Many of us grow up with a feeling of entitlement. Now I’m not talking about the bratty spoiled valley girl who thinks the world owes her something – most of us aren’t that bad.
More often, the feeling is more along the line of thinking we deserve a decent job because we got good grades in college. Or we should be paid well because we’re smart. Or we received that competitive award or internship that we worked hard for, so the world should reward us for being so awesome and hard working.
And that’s where we really get screwed up - the hard working part. When lazy people feel entitled to success it’s just sort of neurotic. If you just sit on the couch doing nothing 24/7 of course you don’t deserve success. But we live in a “by your own bootstraps” society that says that if you work hard, you’ll succeed.
The fact is none of these things mean you deserve anything. Not school, not grades, not work, not awards, not even a good work ethic.
What you deserve is equal to whatever value you can bring into the world. You can be the hardest worker in the world, but if you never create anything new and valuable with that hard work, you’ll always be held back.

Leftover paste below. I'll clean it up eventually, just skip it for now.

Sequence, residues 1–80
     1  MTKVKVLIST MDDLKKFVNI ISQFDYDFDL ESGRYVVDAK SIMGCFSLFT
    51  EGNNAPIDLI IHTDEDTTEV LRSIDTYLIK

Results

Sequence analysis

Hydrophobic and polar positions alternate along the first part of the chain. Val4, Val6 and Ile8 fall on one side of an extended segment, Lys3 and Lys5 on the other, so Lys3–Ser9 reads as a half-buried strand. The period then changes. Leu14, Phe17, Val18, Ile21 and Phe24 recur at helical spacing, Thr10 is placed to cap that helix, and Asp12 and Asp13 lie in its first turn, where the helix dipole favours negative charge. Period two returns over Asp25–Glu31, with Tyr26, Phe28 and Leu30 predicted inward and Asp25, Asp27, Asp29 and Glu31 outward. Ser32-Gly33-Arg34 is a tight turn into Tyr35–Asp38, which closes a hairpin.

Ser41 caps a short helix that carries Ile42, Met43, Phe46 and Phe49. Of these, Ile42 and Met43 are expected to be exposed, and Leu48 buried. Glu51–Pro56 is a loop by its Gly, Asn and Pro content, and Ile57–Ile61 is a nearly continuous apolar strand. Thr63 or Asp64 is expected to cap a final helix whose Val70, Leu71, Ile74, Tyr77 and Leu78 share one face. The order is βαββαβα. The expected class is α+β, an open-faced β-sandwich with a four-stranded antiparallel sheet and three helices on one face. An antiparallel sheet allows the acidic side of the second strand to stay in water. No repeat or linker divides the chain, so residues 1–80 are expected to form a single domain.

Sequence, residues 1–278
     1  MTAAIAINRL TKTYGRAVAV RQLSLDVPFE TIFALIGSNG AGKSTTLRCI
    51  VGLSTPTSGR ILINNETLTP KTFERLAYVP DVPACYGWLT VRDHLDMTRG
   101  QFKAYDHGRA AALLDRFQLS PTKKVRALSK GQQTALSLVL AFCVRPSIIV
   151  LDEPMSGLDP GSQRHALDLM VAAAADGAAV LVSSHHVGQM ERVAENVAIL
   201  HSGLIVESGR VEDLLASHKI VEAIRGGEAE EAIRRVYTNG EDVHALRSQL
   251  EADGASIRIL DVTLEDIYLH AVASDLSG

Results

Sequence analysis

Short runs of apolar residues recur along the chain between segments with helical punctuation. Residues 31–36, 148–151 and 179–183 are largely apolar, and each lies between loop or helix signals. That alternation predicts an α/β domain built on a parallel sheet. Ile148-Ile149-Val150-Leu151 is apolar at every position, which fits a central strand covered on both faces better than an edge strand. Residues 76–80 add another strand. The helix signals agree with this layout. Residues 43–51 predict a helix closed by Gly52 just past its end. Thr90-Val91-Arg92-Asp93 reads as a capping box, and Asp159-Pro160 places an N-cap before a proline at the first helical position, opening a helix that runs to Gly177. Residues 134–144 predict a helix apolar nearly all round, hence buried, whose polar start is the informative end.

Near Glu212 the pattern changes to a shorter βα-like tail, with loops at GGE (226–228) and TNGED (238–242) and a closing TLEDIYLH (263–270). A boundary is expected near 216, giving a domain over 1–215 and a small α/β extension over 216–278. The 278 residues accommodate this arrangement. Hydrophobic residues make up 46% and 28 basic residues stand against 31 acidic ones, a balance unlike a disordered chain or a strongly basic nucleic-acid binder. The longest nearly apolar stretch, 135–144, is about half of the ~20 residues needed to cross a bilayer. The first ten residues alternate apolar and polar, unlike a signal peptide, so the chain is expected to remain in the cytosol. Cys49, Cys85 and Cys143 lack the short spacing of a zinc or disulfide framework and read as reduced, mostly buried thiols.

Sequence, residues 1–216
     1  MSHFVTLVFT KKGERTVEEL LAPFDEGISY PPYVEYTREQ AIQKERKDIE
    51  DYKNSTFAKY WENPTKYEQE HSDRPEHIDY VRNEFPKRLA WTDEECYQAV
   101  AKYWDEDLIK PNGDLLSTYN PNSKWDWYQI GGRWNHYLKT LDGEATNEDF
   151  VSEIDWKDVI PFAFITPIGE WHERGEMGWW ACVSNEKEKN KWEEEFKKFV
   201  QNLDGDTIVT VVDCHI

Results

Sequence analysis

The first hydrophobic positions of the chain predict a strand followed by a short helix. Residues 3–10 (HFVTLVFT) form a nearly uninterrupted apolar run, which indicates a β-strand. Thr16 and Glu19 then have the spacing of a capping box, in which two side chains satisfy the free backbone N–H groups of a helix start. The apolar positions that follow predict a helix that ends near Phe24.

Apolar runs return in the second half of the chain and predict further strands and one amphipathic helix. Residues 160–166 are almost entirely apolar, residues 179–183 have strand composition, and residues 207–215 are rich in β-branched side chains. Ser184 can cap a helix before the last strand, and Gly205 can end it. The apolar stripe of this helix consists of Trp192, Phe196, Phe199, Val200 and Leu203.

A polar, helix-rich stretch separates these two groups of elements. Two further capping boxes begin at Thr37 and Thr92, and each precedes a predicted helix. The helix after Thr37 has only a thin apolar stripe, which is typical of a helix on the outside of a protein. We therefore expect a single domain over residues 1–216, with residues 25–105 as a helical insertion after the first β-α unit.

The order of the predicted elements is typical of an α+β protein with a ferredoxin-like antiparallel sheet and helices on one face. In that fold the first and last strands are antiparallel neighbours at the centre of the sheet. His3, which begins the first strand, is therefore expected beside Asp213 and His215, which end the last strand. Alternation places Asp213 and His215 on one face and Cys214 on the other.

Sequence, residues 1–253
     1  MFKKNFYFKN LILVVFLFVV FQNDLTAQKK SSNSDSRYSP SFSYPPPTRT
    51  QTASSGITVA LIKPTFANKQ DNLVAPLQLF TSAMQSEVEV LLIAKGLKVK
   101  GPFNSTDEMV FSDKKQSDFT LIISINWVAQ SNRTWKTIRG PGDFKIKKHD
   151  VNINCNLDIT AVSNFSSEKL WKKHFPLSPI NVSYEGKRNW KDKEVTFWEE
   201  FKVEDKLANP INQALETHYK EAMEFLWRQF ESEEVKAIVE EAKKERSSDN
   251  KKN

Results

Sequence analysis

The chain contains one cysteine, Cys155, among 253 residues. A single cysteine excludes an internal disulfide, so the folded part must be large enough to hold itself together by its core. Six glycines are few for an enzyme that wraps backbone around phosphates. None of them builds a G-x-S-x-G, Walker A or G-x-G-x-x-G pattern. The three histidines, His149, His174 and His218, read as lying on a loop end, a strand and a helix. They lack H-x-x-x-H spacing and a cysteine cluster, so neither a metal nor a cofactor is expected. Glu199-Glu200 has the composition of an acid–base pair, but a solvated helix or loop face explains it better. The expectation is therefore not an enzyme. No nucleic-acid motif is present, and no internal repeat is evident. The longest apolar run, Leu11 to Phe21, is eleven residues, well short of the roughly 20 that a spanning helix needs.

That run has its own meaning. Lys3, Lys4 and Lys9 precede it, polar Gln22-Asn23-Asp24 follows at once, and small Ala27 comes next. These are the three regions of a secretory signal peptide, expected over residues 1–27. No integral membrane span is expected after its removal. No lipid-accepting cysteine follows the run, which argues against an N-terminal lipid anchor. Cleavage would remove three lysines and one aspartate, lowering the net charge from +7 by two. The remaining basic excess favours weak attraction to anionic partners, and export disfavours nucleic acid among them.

And you’ll be frustrated as all hell.
The fact is people who never bring something new into the world, who never create, who create new value that wouldn’t exist without them, will live a mediocre life. Work ethic leads to massive success when it’s focused on bringing new value into the world. Work ethic leads to frustrating mediocrity when it’s focused on maintaining value that already exists.
Stop maintaining value. Start creating it.
Crippling Belief #2: Big changes take a while to happen
One of the biggest explanations people have for why they’re not successful is that building a success takes time. Sure, I may not be successful now, but if I just hang in there, keep working hard, things will snowball, and eventually everything will be alright.
It seems reasonable. After all, no one (but those Jersey Shore people) gets famous overnight, right? Everywhere you look, there are stories of successful people persisting when there was no hope, trudging forward one weary step at a time, unwilling to quit, clinging fiercely to their dreams, manifesting success through sheer power of will.
It’s inspiring...but it’s also deceptive.
Yes, becoming successful often takes time and yes, you should slap anyone who claims to have the “secret” to overnight success. But it’s not because after you pay your dues the clouds will suddenly part and you’ll be handed that one lucky break that you’ve earned through years of toiling.